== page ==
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J. Mayer, A. Robert-Moreno, J. Sharpe, and J. Swoger, “Attenuation artifacts in light sheet fluorescence microscopy corrected by OPTiSPIM,” Light: Sci. Appl. 7(1), 70 (2018).
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Nat. Methods (2)

P. J. Keller, A. D. Schmidt, A. Santella, K. Khairy, Z. Bao, J. Wittbrodt, and E. H. K. Stelzer, “Fast, high-contrast imaging of animal development with scanned light sheet–based structured-illumination microscopy,” Nat. Methods 7(8), 637–642 (2010).
[Crossref]

H.-U. Dodt, U. Leischner, A. Schierloh, N. Jährling, C. P. Mauch, K. Deininger, J. M. Deussing, M. Eder, W. Zieglgänsberger, and K. Becker, “Ultramicroscopy: three-dimensional visualization of neuronal networks in the whole mouse brain,” Nat. Methods 4(4), 331–336 (2007).
[Crossref]

Nature (1)

L. Gao, J. Liang, C. Li, and L. V. Wang, “Single-shot compressed ultrafast photography at one hundred billion frames per second,” Nature 516(7529), 74–77 (2014).
[Crossref]

Opt. Express (5)

Opt. Lett. (3)

Optica (3)

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U. Leischner, A. Schierloh, W. Zieglgänsberger, and H.-U. Dodt, “Formalin-Induced Fluorescence Reveals Cell Shape and Morphology in Biological Tissue Samples,” PLoS One 5(4), e10391 (2010).
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Proc. Natl. Acad. Sci. (3)

V. Studer, J. Bobin, M. Chahid, H. S. Mousavi, E. Candes, and M. Dahan, “Compressive fluorescence microscopy for biological and hyperspectral imaging,” Proc. Natl. Acad. Sci. 109(26), E1679–E1687 (2012).
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A. K. Glaser, Y. Chen, C. Yin, L. Wei, L. A. Barner, N. P. Reder, and J. T. C. Liu, “Multidirectional digital scanned light-sheet microscopy enables uniform fluorescence excitation and contrast-enhanced imaging,” Sci. Rep. 8(1), 13878 (2018).
[Crossref]

F. Soldevila, P. Clemente, E. Tajahuerce, N. Uribe-Patarroyo, P. Andrés, and J. Lancis, “Computational imaging with a balanced detector,” Sci. Rep. 6(1), 29181 (2016).
[Crossref]

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[Crossref]

Science (1)

J. Huisken, J. Swoger, F. Del Bene, J. Wittbrodt, and E. H. K. Stelzer, “Optical sectioning deep inside live embryos by selective plane illumination microscopy,” Science 305(5686), 1007–1009 (2004).
[Crossref]

Other (2)

G. Huang, H. Jiang, K. Matthews, and P. Wilford, “Lensless imaging by compressive sensing,” in 2013 IEEE International Conference on Image Processing (IEEE, 2013), pp. 2101–2105.

M. Harwit and N. J. A. Sloane, Hadamard Transform Optics (Elsevier, 1979).

Supplementary Material (2)

NameDescription
» Visualization 1       Visualization 1): The video shows the modulation patterns displayed one after the other on the DMD.The modulation occurs along the entire y extension of the LED spot, over a region 64 pixels thick.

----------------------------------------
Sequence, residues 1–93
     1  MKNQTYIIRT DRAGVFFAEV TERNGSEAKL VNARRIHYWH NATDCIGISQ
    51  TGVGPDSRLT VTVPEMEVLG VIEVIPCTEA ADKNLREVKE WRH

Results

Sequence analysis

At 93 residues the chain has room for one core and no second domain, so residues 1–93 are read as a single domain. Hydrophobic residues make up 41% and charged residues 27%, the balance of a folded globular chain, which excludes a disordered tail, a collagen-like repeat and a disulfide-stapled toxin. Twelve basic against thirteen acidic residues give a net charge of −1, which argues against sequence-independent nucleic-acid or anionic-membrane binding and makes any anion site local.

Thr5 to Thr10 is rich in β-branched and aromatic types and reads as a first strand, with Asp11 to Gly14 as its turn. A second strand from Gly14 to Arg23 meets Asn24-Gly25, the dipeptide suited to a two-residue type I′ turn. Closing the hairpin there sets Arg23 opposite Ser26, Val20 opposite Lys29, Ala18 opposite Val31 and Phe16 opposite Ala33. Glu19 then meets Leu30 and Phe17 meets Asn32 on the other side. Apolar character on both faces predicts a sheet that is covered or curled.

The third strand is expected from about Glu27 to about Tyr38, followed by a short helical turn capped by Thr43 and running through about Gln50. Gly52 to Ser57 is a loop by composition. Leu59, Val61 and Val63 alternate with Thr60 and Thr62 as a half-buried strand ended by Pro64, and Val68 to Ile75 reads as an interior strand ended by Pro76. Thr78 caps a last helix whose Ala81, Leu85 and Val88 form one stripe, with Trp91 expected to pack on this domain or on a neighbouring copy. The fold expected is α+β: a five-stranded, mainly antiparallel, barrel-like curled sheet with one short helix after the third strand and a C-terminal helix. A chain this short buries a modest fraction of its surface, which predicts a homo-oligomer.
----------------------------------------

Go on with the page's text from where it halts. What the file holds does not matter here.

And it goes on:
» Visualization 2       Visualization 2): 128 Raw images acquired upon patterned modulation of a Tg(kdrl:GFP) Zebrafish

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Figures (7)

Fig. 1.
Fig. 1. (a) Schematic representation of light sheet illumination and detection. (b) Spatial modulation in Selective Volume Illumination. (c) Scheme of the experimental setup. Light from the LED impinges on a Digital Micromirror Device, which spatially modulates light according to a binary pattern (schematically represented in the figure below). Reflected light is collected and refocused over the illumination volume by two objective lenses. The fluorescence signal is collected by a wide field microscope. The coordinate reference system in shown in the top right corner.
Fig. 2.
Fig. 2. Imaging of fluorescent beads for evaluation of the working volume. Scale bar is 100µm. (a) Reconstructed single plane (xy plane) upon acquisition with sm-SVI. (b) Transverse view (xz).of the reconstructed beads sample. The volume where the resolution ±$\sqrt 2 $ δr laterally and ±$\sqrt 2 $ δz axially, is indicated by the red box. (c) Bead intensity profile along x and z in the centre of the measured volume (green arrow). The FWHM is 2.3µm laterally, and 2.9µm axially. (d) Lateral and axial bead intensity profile, at the border of the red box (blue arrow).
Fig. 3.
Fig. 3. Comparison of SPIM and sm-SVI with incoherent illumination. Scale bar is 100µm. (a) Single plane acquired with SPIM of a Tg(α-actin:GFP) zebrafish tail. (b) Reconstructed plane in approximately the same location with sm-SVI.
Fig. 4.
Fig. 4. Reconstruction of a Tg(α-actin:GFP) zebrafish embryos. Scale bars are 100µm. (a) Plane by plane reconstruction at different depth: z = 0, z = 67µm, z = 134µm, from left to right. (b, c) Transverse sections of the sample acquired in frontal and sagittal positions. (d) Frontal Maximum Intensity Projections (e) Sagittal Maximum Intensity projection. (f, g) Details of the regions shown in the green and blue boxes.
Fig. 5.
Fig. 5. sm-SVI acquisition of a Tg(kdrl:GFP) zebrafish embryos. Scale bars are 100µm. (a) Maximum Intensity Projection of 3D reconstruction of the trunk and head region. (b) Detail of the blue box. (c) Single sagittal plane (d) Single frontal plane. The yellow lines indicate the corresponding position in the sagittal and frontal planes.
Fig. 6.
Fig. 6. Compressed volumetric reconstruction in a Tg(kdrl:GFP) zebrafish embryo at different undersampling ratio C. Scale bars are 100µm. Maximum intensity projection (left hand side of each panel) and single frontal plane (right hand side). The yellow line highlights the plane shown on the right-hand side. The red box is a detail of the Maximum Intensity Projection, for each panel. From left to right: reconstruction from complete Scrambled Hadamard measurement set and for compressing ratio of 2, 4, 8.
Fig. 7.
Fig. 7. Compressed volumetric reconstruction quality in a fluorescent beads sample at different compression ratio. Each panel shows a maximum intensity projection. From left to right: reconstruction from complete Scrambled Hadamard measurement set and for compressing ratio of 2, 4, 8. Scale bar is 100µm.

Equations (4)

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ξ ( x ¯ , y ¯ ) = A χ ( x ¯ , y ¯ )
ψ = a r g m i n ψ { 1 2 ∣∣ ξ A W ψ 2 2 + λ R ( ψ ) } , s . t . χ = W ψ ,
R ( x ) =∣∣ T V ( x )
χ = a r g m i n χ { μ 2 ∣∣ ξ A ( χ ) 2 2 + ∣∣ T V ( χ ) 2 } ,